Professional competence discourses proliferate in the modern workplace as well as in job adverts and role descriptions. Defining, developing and assessing competence has attracted significant interest in recent times across Social Sciences research. Scholars in anthropology, linguistics, psychology, sociology and business studies have offered models and taxonomies, which are employed within workplace learning initiatives and training and development programmes (Garavan and McGuire, 2001; Mulder, 2014). Areas to which less attention has been devoted include the micro-analysis of professionals’ perceptions of what constitutes competence and how the meaning of this concept is negotiated in interaction. This article situates itself in these areas, examining a sample of office professionals who have held managerial responsibility over projects and human resources. My mixed-methods approach combines different datasets to investigate how professionals frame the concept of competence and how they perceive others in the context of general workplace interactions, rather than formal assessments.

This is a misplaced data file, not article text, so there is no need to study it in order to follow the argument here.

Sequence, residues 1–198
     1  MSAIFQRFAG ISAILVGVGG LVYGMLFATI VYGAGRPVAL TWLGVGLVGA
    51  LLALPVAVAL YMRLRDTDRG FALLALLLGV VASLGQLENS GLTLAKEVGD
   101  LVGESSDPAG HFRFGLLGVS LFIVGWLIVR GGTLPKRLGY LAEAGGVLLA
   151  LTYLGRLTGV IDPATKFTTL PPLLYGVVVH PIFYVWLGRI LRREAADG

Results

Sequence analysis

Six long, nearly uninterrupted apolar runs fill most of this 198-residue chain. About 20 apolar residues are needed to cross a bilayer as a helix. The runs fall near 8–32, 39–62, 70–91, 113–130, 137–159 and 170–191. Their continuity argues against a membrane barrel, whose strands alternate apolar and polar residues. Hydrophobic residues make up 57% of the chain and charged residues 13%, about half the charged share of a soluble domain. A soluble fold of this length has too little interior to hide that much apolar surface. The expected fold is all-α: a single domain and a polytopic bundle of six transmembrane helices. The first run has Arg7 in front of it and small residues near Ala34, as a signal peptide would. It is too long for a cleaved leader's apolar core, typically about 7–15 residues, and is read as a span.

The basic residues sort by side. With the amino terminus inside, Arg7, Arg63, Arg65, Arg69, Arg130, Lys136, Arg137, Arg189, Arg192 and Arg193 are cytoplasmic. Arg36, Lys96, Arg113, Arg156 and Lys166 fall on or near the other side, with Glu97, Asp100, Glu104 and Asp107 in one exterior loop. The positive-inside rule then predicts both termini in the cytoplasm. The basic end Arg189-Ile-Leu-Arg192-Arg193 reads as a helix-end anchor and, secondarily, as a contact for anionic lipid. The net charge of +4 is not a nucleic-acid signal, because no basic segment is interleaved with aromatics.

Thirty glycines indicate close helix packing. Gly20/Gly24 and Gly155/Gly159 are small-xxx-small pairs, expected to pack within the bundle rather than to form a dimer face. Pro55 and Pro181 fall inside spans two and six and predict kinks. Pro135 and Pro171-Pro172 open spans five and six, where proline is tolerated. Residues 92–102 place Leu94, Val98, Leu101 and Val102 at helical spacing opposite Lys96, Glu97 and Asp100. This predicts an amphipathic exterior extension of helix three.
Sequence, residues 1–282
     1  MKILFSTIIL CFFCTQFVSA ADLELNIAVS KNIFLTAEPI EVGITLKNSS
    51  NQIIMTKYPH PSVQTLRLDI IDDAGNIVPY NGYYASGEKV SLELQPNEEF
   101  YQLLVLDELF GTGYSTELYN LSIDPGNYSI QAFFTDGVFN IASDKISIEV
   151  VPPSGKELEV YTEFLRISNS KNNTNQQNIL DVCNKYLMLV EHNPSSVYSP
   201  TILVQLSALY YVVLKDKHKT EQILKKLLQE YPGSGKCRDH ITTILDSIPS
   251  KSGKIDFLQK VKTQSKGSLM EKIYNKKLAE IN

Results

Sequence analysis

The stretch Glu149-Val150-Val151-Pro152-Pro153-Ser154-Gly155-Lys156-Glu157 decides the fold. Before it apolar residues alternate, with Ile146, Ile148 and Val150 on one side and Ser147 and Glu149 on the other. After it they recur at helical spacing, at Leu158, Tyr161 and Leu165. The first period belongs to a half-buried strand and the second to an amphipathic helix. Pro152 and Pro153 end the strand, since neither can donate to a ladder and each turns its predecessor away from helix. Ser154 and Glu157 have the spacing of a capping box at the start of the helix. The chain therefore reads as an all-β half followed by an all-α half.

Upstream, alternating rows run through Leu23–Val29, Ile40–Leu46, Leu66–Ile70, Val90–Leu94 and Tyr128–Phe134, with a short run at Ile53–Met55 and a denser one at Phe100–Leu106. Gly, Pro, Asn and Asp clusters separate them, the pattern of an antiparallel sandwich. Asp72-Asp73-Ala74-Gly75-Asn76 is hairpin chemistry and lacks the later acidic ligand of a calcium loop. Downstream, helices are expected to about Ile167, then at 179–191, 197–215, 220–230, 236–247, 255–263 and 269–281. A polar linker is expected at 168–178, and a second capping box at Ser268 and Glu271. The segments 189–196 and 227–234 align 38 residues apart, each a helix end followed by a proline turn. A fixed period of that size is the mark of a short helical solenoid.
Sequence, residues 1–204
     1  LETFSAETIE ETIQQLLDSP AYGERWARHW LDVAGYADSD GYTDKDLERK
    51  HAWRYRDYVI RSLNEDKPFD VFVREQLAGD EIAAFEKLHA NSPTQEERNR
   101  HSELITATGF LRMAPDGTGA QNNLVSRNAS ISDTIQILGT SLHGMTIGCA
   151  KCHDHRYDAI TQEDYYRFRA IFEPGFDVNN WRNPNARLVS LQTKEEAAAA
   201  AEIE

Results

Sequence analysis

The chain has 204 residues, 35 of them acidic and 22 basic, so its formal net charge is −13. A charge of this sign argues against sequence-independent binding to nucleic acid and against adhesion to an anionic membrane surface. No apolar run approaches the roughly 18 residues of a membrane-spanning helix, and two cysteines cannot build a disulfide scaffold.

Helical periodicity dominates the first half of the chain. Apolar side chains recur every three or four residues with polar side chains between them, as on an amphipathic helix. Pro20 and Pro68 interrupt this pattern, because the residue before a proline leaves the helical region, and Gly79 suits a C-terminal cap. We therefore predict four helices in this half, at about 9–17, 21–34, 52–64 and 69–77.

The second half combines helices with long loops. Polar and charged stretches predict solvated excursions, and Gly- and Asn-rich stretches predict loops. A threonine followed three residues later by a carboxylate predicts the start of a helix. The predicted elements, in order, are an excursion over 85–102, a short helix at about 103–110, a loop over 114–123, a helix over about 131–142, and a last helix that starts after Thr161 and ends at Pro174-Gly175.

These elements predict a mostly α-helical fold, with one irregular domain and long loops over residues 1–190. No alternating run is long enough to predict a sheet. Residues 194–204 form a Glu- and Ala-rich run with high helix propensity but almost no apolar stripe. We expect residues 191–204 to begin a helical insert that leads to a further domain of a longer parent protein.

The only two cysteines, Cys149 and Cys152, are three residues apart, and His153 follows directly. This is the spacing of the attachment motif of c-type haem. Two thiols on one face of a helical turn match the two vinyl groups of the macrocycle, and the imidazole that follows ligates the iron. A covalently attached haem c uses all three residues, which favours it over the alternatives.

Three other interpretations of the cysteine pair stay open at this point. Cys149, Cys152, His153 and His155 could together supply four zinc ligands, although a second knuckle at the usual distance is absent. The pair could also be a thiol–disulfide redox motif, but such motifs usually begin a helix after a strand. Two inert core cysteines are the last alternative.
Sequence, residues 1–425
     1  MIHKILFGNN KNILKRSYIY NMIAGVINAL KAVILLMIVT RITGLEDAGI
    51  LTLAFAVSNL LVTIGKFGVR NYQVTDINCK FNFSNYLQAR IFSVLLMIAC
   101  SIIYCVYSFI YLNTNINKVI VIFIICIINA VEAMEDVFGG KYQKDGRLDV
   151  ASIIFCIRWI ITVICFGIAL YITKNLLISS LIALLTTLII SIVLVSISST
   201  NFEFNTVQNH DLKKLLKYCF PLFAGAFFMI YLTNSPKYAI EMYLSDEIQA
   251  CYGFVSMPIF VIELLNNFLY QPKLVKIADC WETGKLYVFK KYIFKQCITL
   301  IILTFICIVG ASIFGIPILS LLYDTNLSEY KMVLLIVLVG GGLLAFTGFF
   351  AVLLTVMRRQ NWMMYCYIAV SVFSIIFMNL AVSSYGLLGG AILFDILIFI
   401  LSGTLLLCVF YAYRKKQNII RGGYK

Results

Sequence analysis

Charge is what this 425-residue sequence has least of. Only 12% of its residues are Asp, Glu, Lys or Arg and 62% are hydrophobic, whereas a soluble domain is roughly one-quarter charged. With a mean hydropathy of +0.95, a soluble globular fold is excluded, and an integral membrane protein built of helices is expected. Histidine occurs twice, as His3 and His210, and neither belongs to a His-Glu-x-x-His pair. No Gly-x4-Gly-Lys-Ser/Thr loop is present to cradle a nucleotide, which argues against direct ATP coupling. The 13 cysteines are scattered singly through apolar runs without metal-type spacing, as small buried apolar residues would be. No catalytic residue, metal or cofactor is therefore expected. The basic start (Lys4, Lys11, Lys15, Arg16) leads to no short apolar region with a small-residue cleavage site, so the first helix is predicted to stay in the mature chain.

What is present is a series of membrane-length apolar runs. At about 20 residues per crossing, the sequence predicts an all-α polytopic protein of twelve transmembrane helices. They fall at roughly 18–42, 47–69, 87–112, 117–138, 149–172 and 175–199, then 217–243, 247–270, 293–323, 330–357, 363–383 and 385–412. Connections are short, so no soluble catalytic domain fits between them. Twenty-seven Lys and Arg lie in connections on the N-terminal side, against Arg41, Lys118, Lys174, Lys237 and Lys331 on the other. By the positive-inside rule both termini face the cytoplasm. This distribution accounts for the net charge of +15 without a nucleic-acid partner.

Ethical considerations

Threats to participant anonymity are controlled through the use of initials and the destruction of recordings of participants’ interview responses subsequent to the completion of the project. Sensitive information such as names of individuals and organisations are omitted from the transcript.

Literature review